Lakshman Krishnamurthi and I have been wondering about the pricing of e-books and e-readers. Before Apple’s entry into the e-book market,  Amazon was selling almost all their e-books for $9.99. In many cases, this was below the price Amazon paid to the publisher (according to the NYT of May 31st, 2009 about $13 to $14). Why? Second, why did publishers object to a model where Amazon sets the price of the book particularly when it, Amazon, was prepared to incur a loss to make the sale?

Lets begin with Amazon’s pricing pre iPad. The Kindle and e-books are a razor and blade business. So, shouldn’t Amazon be making its profits in books and not the Kindle? Perhaps Amazon sought to increase the installed base of Kindle readers. But one could have achieved that by dropping the price of the Kindle.Lakshman reasons that  Amazon used the lack of competition in e-readers to set  a reference price for the device. Admittedly, the Kindle was not the first e-reader, but it did create the greatest awareness of the product and pushed for content as well.

He points to how Apple launched the iPod in 2001.  It started with a high price and sequentially skimmed the market with a range of products.  Made the hardware expensive, and the software (songs) cheap; the opposite of the razor/blade strategy. To quote Lakshman directly:

Apple got away with this because of lack of competition and the significant differentiation of the iPod.  Also, they did not lose any money on songs sold through iTunes.  If Apple had started with a lower price on the iPod, would have sold more iPods initially, but the prices of subsequent iPods would have come down more than they did, and most likely would have made less money because in total would not have sold a lot more songs.

So, Lakshman is arguing that if there is variation in willingness to pay for the device (iPod, e-reader), then the seller may have an incentive to deviate from the razor and blades model to price discriminate on the device. But this does not explain why Amazon would choose to lose money on the books. Lakshman speculates this might have been an attempt to force publishers to lower the price of e-books to Amazon. I don’t see why.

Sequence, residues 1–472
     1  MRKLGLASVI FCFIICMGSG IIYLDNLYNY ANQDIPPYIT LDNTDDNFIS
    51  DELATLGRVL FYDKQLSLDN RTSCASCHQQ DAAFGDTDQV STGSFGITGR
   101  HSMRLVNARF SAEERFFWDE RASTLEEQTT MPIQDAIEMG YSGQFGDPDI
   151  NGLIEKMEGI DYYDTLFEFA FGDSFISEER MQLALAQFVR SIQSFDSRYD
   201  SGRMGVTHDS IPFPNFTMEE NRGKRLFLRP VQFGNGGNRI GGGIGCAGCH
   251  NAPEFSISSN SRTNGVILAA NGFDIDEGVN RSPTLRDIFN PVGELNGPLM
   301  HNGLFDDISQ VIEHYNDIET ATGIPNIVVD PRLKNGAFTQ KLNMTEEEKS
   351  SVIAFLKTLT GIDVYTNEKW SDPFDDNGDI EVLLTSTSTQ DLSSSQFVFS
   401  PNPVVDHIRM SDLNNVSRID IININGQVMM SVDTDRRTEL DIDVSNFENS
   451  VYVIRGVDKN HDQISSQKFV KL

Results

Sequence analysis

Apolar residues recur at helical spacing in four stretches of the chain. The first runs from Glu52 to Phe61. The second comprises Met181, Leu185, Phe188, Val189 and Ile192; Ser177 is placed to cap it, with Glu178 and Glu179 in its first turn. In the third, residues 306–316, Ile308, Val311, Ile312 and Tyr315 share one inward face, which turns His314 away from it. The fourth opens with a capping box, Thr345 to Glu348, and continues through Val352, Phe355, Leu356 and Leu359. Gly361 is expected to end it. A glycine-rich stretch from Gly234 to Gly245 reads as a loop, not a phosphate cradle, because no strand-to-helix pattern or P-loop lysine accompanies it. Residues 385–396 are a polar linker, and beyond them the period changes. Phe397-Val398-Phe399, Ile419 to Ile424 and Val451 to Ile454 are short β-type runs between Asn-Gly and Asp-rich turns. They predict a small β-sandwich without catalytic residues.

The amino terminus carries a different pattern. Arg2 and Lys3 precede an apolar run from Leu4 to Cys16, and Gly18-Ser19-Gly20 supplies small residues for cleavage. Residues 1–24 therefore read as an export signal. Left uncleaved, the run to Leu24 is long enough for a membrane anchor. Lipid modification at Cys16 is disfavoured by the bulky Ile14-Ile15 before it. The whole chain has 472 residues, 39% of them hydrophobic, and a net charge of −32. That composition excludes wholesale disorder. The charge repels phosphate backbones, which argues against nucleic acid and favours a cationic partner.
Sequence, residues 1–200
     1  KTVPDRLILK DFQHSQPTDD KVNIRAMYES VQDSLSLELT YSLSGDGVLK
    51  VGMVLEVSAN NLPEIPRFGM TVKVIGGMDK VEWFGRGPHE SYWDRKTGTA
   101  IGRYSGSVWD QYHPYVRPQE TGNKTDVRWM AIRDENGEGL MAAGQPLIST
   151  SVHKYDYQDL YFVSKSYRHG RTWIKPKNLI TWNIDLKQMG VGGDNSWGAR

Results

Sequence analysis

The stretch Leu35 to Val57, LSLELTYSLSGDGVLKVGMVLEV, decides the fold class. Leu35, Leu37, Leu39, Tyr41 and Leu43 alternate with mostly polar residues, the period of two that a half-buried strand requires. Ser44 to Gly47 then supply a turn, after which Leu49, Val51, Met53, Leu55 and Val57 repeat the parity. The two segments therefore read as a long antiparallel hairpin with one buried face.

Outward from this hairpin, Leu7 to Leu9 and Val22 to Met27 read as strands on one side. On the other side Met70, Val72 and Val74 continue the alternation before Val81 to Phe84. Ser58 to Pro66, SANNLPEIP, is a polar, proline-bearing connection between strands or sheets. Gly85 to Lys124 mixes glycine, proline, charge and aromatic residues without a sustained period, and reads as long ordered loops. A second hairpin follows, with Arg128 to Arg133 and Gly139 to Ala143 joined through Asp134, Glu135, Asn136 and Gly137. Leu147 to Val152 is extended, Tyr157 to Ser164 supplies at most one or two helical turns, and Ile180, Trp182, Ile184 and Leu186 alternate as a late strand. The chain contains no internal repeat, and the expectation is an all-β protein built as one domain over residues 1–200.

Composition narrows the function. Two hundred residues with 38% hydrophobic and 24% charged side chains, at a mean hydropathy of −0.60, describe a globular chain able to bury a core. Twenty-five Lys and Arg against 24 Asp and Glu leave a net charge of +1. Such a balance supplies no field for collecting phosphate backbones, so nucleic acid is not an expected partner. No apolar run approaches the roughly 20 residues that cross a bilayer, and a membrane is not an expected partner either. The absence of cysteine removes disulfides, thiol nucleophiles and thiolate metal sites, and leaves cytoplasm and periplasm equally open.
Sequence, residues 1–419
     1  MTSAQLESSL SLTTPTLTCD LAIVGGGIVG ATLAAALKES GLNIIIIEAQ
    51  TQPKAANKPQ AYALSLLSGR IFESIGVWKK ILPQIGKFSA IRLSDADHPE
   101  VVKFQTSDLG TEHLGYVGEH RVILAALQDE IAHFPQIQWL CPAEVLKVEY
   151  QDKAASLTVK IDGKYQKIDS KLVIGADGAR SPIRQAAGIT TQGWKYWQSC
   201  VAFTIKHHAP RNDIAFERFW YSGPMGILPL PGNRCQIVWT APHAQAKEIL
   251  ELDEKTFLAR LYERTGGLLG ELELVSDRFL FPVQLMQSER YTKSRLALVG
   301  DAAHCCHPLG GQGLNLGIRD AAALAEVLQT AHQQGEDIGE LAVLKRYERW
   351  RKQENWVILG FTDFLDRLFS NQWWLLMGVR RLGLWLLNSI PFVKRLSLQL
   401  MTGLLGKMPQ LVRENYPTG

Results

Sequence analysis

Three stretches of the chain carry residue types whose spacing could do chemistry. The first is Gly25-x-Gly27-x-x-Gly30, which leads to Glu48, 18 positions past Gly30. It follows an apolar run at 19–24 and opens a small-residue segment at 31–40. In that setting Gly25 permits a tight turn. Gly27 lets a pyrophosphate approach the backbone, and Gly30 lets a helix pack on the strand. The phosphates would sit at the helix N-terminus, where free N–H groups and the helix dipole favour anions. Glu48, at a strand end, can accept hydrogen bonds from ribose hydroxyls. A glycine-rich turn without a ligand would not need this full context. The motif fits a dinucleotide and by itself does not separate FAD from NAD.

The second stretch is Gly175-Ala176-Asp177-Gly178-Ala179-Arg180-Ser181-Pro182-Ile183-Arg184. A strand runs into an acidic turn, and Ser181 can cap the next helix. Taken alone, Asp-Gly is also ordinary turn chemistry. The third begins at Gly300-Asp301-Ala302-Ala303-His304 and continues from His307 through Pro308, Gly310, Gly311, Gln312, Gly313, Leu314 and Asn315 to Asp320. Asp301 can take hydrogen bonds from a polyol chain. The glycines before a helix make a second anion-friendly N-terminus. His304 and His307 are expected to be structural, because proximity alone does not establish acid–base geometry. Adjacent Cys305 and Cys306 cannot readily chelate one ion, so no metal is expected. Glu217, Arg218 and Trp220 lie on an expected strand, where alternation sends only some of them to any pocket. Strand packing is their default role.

Turning to the publishers, if they received the same revenue from an e-book that they did from a traditional book, why should it matter if Amazon chooses to price at $9.99?  This  could possibly harm retailers of hard back books, but why should publishers care about this? Or, perhaps $9.99 e-books reduce a publishers ability to price discriminate (hardback vs. paperback)?

Now consider Apples entry. It has resulted in a dramatic drop in the price of e-readers. In addition, Apple offered publishers an agency model: publishers set the price and Apple keeps a percentage of the selling price. Amazon has been forced to switch to the same model. The result is higher prices for e-books. Are publishers made better off?

Some arithmetic will be useful. Currently, under the non-agency model the publisher would make, say, $15 per book. Assuming a 30% fee to Apple or Amazon, the publisher would have to price the book at about $21.50 to recover the same revenue after paying the fee. Thus, the price of the book goes up at least $6. So, a $120 reduction in the price of an e-reader would be wiped out after purchasing 20 books! Alternatively, perhaps the publisher would like to sell e-books at a price lower than hardback but above paperbacks. Say the publisher sets a price of $13 for the e-book. Under the agency model, the publisher pays Amazon or Apple $3.90. This leaves the publisher with $13-$3.90 = $9.10, less than what they make now per e-book. The publisher come out ahead only if e-book unit costs are smaller or there is a compensating increase in volume.

Now, let us step back from the details to ask the question we always tell our students to ask: who values what? So as to avoid the confusion caused by competition it is useful to imagine a world consisting of a single publisher, a single e-reader producer and a single reader. Suppose, to begin with this reader is a `heavy reader’. Meaning, that before the advent of the e-book, they read copiously, purchasing books at about $20 a pop. In short, the e-book will not change their book buying habits. The value they attach to the e-reader stems from the convenience and portability it provides. The producer of e-readers can capture no more value than what this heavy reader assigns to these features.  The publisher can capture no more than the value the heavy reader assigns to the books the publisher puts out. In this world, there is no tension between publisher and producer of e-books. Now suppose a second type of reader, one whose book consumption habits would change with an e-book. This is a reader who buys a book that they wouldn’t otherwise because of the ease with which a purchase is possible using an e-book. Think of read once books……like Blink. You’ve heard people talking about it. It seems interesting (it isn’t, but that is another story) but not so interesting that one would make a special  trip to the bookstore for it. For this second type of reader, value comes from the combination of e-reader and publisher. This is the source of the tension between e-reader provider and publisher. How to capture this value and divide it between them is the issue.